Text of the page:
At school, Jack and Andie have set up a table and a big sign that says "Alternative Prom Tickets Half Price" right next to Barbara's table. ["I find it hard to believe that some school official wouldn't have prevented them from selling the tickets at school, but whatever." -- Wing Chun] Jack remarks that "this thing could actually turn out to be a success," and as a punk couple approaches their table, Andie twitters, "In a manner of speaking." Barbara, attired in an outfit straight off the rack at Ross Dress For Less that's about forty years too old for her, leans over and snipes that "just because the dregs of society go to your prom does not make it a success. Nobody that matters would be caught dead there. I certainly wouldn't go if you paid me." As the writers of Some Kind Of Wonderful wait patiently for their check, Jack shrugs, "Oh, that's a good thing, 'cause we don't want your kind at our prom." "And what kind is that, the good Christian kind?" Whatever, Barbara. Judge not, lest ye be judged. Look it up. Jack snorts that "this is not about religion, Barbara; I mean the kind that hates people. You know, the intolerant, judgmental, hypocritical kind -- close-minded, immature, bigoted kind?" "With bad fashion sense," Andie pipes up from his other side. "Really bad," Jack snarks. Ha! McPhees 2, Barbara 0. Barbara snits that at least she's not "going to hell." Jack and Andie laugh in her face, and Jack wants to know if "that's [her] whole comeback," and Andie makes an I'm-so-scared-not face and goes, "Oooooh," so Barbara says that she thinks the threat of eternal damnation "is a pretty good comeback," but Jack points out that "that threat is not yours to make. You just don't get it, do you? You're totally missing the point." That shuts Barbara up, finally. Go, Clan McPhee. Oh, and this just in -- if you really believe that gays and lesbians will go to hell, you'd better ask one of them to save your bigoted ass a seat.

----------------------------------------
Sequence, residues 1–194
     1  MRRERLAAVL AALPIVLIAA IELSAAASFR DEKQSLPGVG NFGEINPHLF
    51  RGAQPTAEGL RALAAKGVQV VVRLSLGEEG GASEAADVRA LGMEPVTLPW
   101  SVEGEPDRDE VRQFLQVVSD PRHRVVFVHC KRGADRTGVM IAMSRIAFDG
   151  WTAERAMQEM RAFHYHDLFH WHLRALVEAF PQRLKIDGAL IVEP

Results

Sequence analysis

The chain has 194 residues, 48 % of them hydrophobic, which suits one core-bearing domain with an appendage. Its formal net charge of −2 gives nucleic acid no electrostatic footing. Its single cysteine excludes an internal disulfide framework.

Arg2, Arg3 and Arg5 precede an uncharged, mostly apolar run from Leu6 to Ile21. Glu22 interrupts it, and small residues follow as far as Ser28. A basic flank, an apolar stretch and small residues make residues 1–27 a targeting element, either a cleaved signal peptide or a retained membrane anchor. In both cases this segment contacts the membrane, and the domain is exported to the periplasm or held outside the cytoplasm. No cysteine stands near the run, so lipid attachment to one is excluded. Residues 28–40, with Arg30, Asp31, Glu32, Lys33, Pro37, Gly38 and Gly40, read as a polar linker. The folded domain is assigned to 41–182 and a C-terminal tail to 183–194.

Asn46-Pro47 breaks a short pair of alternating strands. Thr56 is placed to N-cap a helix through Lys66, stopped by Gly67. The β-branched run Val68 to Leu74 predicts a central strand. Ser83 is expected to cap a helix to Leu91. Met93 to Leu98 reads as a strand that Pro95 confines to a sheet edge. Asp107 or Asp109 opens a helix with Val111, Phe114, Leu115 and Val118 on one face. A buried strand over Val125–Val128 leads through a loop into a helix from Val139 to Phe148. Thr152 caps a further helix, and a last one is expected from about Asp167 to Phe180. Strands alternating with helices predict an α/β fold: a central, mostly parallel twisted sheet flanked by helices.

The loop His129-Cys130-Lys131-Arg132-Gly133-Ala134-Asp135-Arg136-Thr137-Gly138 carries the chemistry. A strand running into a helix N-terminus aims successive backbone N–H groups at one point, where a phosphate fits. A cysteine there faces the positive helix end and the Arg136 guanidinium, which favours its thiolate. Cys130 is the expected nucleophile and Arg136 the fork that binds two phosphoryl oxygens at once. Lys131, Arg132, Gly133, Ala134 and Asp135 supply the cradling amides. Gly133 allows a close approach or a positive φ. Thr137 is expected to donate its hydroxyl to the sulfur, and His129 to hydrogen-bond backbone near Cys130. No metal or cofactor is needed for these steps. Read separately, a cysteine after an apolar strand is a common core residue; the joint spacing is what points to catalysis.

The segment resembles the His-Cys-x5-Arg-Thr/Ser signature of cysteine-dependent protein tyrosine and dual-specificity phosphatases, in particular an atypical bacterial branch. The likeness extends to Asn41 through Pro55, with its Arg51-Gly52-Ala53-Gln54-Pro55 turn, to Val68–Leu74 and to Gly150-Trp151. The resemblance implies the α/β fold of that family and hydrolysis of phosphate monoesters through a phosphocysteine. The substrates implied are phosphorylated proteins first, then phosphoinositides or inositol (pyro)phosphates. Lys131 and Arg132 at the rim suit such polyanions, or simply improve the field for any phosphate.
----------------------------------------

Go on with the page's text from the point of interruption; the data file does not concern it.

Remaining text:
Grams pins up an old tuxedo of Gramps's to fit Henry. Jen says he'll look great; Henry says he feels "like a busboy." Grams blathers on about "the burden of men" and how they have to stand in the background and let the ladies shine, and Jen thinks Henry shines "just fine on his own," which I'll agree with because Make-up put about a pound of lip-gloss on Michael Pitt for some reason, and Grams's kettle whistles, so she leaves the room, at which point Jen thinks it's time that she and Henry "had the talk." "The talk?" Henry repeats. "Yeah, the prom sex talk," Jen says. Henry repeats, "The prom sex talk?" Jen thinks it would have come up sooner or later; Henry says, "Not necessarily," and Jen busts on him for expecting her to believe that he didn't think anything would happen in that department. Henry starts to protest, but Jen delivers a monologue about the pressure to have sex on prom night and how the sex ends up sucking as a result (can't argue with her there), so she thinks they should agree now "not to do it." Henry says he's "in no race [sic]," but he asks if they "are going to do it -- eventually, right?" Jen smiles indulgently at him, and they start kissing. Yawn.